LOS ANGELES (AP) — Government regulators Thursday granted California’s largest utility an unusual exemption that could allow the state's last nuclear power plant to continue running after the expiration of its federal operating licenses, a key piece of a contentious proposal to keep the reactors producing electricity for years to come.
The twin-reactor Diablo Canyon plant is scheduled to shut down by 2025. But the federal exemption will permit operator Pacific Gas & Electric to keep producing power while the Nuclear Regulatory Commission reviews an expected application from the utility to extend the plant's operating run by up to two decades.
PG&E senior vice president Paula Gerfen praised the decision as an important step for the company “to extend our operations beyond 2025 to improve statewide electric system reliability.”
Environmentalists said the NRC staff contorted its own rules in an attempt to keep the aging plant online in what amounted to an ominous sign for plant safety in a region crisscrossed by earthquake faults.
“It’s inconsistent with their own rules,” said Diane Curran, an attorney for the anti-nuclear advocacy group Mothers for Peace, which has long sought to shutter the seaside plant located midway between Los Angeles and San Francisco. “It’s scary.”
The decision marks the latest development in a long-running fight over the operation and safety of the decades-old plant, which Gov. Gavin Newsom says should keep running beyond 2025 to ward off possible blackouts as the state transitions to solar and other renewable energy sources.
The Newsom administration is pushing to expand solar power and other clean energy, as the state aims to cut emissions by 40% below 1990 levels by 2030. Nuclear power doesn’t produce carbon pollution like fossil fuels. But it leaves behind waste that can remain dangerously radioactive for centuries.
Diablo Canyon produces 9% of the state’s electricity.
Newsom’s decision last year to support a longer operating run for Diablo Canyon shocked environmentalists and anti-nuclear advocates because he had once been a leading voice for closing the plant.
The decision by the NRC staff was critical for PG&E's proposal.
The company has said it intends to submit an application to extend the plant's life by the end of this year. However, the current operating licenses would likely expire before the NRC's review could be completed, a process that can take two years or more.
Typically, if a nuclear plant files for a license extension at least five years before the expiration of the existing license, the existing license remains in effect until the NRC’s application review is complete, even if it technically passes the expiration date. But PG&E would not meet the usual five-year benchmark.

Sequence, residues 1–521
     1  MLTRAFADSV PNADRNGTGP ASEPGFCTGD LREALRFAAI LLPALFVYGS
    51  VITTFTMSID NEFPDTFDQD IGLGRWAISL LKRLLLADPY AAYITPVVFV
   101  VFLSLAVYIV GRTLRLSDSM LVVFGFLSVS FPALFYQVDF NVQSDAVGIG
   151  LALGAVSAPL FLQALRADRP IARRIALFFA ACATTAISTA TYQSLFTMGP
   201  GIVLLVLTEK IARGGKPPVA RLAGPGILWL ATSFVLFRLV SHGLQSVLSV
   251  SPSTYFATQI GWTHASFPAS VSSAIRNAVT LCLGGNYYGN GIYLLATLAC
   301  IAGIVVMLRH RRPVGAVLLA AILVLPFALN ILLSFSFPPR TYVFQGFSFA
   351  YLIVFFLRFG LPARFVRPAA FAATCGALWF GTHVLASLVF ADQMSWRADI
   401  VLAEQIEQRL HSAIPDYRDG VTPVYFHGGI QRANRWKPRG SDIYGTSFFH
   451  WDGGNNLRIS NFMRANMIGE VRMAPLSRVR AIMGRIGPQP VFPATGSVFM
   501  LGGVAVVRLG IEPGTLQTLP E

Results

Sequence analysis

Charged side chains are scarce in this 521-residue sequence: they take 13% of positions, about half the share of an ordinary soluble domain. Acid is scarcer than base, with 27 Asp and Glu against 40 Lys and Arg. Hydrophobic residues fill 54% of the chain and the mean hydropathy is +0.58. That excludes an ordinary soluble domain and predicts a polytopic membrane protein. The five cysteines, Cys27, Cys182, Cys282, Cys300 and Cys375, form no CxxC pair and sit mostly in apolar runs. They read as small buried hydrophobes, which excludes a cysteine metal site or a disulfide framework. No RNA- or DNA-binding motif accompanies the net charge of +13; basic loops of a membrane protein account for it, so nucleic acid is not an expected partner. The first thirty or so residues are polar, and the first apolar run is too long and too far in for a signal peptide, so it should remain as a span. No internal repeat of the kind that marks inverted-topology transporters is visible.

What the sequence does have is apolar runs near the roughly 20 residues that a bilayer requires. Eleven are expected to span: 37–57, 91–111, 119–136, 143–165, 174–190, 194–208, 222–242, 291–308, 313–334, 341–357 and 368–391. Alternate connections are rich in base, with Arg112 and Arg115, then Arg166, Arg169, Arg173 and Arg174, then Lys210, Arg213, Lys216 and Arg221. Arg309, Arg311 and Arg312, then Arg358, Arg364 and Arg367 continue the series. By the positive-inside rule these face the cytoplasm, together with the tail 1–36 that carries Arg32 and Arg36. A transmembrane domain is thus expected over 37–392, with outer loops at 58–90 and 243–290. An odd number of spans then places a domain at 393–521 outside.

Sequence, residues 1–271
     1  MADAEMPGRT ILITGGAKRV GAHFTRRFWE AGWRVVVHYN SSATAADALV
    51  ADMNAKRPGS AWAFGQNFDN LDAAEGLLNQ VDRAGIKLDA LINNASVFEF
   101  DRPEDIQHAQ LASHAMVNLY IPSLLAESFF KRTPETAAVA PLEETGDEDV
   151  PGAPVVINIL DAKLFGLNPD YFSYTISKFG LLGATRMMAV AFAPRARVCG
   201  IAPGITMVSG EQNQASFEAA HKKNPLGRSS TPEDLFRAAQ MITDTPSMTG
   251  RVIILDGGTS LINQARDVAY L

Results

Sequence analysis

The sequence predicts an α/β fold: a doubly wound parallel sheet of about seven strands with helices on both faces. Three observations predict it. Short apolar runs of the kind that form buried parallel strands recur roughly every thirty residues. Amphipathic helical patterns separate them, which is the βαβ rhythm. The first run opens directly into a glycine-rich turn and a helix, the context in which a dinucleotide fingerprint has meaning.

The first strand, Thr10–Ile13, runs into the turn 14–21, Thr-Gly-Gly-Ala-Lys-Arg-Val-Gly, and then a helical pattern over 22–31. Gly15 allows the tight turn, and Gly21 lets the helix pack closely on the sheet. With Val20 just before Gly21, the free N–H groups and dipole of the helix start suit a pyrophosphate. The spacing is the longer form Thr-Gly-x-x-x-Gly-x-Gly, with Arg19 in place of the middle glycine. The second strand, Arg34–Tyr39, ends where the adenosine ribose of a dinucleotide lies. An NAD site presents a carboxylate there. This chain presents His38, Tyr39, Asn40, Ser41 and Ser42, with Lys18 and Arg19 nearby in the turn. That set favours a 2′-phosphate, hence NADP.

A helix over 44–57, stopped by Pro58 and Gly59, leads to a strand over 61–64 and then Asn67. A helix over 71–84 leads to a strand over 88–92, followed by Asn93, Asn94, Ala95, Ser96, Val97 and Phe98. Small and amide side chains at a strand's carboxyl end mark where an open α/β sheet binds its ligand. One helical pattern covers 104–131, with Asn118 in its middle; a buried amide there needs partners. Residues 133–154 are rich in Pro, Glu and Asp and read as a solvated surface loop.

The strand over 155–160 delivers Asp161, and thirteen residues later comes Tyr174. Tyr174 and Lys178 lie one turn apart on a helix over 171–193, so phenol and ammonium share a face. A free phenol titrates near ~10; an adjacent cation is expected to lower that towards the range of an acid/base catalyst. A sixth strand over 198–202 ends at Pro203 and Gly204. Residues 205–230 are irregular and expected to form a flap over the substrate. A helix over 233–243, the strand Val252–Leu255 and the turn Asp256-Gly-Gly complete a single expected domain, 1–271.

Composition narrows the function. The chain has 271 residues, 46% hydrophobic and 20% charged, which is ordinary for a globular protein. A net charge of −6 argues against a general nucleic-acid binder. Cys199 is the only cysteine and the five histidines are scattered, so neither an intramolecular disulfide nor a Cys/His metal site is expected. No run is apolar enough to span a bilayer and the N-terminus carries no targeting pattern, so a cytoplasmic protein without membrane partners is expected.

One reactor is scheduled to close in November 2024, and its twin in August 2025, and a state analysis predicted it would take federal regulators until late 2026 to act on the application. With the exemption from the NRC staff, the reactors can keep running while the agency conducts the expected review.
In documents submitted to the NRC, the company said the exemption “will not present an undue risk to the public health and safety.”
Anti-nuclear activists and national environmental groups earlier urged the federal agency to reject the exemption, saying in a petition that it amounted to a dangerous shortcut that would expose the public to safety risks. They argued critical safety reviews for an extended run would likely be incomplete by the time the current licenses technically expire.
PG&E initially was part of a complex 2016 agreement with environmentalists and plant worker unions to close the plant by 2025. But the state changed direction last year, and the Democratic governor and the Legislature voided the 2016 pact and opened the way for PG&E to seek a longer operating run.
PG&E officials have said they are eager for certainty about the plant’s future because of the difficulty of reversing course on a plant that was headed for permanent retirement, but now needs to prepare for a potentially longer lifespan.
The proposal comes at a time when the nuclear power industry foresees future growth. The Biden administration last year launched a $6 billion effort to rescue nuclear power plants at risk of closing, citing the need to continue nuclear energy as a carbon-free source of power that helps to combat climate change.
But critics of a longer run for Diablo Canyon have depicted the plan as a huge financial giveaway for PG&E, while warning it would gut state environmental safeguards. Also unknown is how much it will cost to update the plant for a longer lifespan.